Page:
Wetherspoons boss Tim Martin faced backlash after suggesting staff get jobs at Tesco © AFP/Getty Images
Wetherspoons boss Tim Martin faced backlash after suggesting staff get jobs at Tesco © AFP/Getty Images

Wetherspoons withholds supplier payments amid Covid-19 outbreak

26 March 2020

Wetherspoons has suspended payments to its suppliers until its pubs reopen following the UK’s coronavirus lockdown

Firms supplying food and drink to the pub chain were told they would not be paid until Wetherspoons’ pubs were allowed to reopen.

Last week, the UK government ordered pubs, bars and restaurants to close in order to limit the spread of Covid-19. 

In an email seen by Footprint, the pub chain said: “We are asking for a moratorium on payments, until the pubs reopen, at which point we intend to clear outstanding payments, within a short timeframe.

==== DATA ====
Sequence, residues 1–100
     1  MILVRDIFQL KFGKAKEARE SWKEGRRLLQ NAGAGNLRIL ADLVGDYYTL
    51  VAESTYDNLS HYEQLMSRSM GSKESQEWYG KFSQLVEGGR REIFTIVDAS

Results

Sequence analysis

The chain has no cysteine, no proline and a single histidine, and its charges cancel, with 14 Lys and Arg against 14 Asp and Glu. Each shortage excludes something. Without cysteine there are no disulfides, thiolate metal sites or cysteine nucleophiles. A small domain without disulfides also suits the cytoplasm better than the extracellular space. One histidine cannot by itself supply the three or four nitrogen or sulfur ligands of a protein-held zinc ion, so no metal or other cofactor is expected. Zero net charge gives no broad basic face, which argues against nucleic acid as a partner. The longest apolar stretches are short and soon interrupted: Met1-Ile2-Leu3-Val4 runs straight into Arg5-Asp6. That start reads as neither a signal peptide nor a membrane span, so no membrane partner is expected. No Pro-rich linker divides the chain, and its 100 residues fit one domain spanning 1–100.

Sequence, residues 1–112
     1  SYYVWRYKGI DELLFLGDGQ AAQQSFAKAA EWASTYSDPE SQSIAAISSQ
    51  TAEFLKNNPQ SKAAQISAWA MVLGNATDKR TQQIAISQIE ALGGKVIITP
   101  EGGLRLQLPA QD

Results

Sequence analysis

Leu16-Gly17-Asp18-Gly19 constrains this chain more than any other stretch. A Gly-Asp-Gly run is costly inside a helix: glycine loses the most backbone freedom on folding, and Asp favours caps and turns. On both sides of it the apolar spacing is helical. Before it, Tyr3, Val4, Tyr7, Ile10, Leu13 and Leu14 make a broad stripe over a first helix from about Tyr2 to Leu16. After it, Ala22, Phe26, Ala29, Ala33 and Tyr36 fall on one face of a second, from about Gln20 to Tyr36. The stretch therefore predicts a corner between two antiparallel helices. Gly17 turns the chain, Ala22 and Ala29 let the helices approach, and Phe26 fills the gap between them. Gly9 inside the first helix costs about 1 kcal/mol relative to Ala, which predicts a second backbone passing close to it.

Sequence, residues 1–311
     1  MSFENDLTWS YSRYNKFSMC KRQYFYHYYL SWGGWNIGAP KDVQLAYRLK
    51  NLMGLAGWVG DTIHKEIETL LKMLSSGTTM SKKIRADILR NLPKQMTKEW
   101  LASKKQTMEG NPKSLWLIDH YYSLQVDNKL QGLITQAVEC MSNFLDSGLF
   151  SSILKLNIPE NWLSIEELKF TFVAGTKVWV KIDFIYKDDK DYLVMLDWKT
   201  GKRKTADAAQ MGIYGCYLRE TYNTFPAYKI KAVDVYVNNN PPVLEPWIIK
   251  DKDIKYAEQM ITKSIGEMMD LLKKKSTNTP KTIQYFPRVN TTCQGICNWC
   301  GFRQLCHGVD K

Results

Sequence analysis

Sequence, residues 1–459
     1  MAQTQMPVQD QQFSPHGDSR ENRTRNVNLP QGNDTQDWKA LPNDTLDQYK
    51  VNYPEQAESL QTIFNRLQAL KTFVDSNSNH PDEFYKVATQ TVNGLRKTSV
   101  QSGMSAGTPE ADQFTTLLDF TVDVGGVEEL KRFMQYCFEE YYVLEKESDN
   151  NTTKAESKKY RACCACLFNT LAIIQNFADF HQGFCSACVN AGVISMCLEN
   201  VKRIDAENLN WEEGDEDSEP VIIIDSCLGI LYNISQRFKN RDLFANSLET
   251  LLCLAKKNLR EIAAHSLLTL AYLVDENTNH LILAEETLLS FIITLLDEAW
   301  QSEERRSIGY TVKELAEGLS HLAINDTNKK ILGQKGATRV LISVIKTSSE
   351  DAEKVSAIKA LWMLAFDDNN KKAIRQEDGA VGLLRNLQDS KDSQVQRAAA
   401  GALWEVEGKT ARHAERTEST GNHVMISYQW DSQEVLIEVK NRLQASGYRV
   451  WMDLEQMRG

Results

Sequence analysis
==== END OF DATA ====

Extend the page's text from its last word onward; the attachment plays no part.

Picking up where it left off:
“We understand that this puts significant pressure on our suppliers, but we are kindly asking for your assistance during this very difficult period.

“A number of our suppliers have already offered assistance and we would be most grateful for your cooperation as well.”

A spokesperson for Wetherspoons confirmed it had written to suppliers, adding: “These are extraordinary times and the company is asking for assistance from suppliers. Payments will begin to suppliers once the pubs reopen.”

Suppliers have been told they can contact Wetherspoons to “discuss individual cases”. 

The decision to halt payment to suppliers comes as the pub chain faced backlash after it said it could not afford to pay its 43,000 staff in the UK until wages were reimbursed by the government at the end of April 2020. Wetherspoons has since announced it would pay its staff on 3 April. 

Last week, the UK government advised public sector buyers to continue paying suppliers as normal, even if they can't fulfil contracts, to protect the health of supply chains in future.

Separately, Dyson announced it is producing 10,000 ventilators to help prepare UK hospitals for an influx of coronavirus patients. The UK government had previously called on engineering firms to divert their production lines to make vital equipment. 

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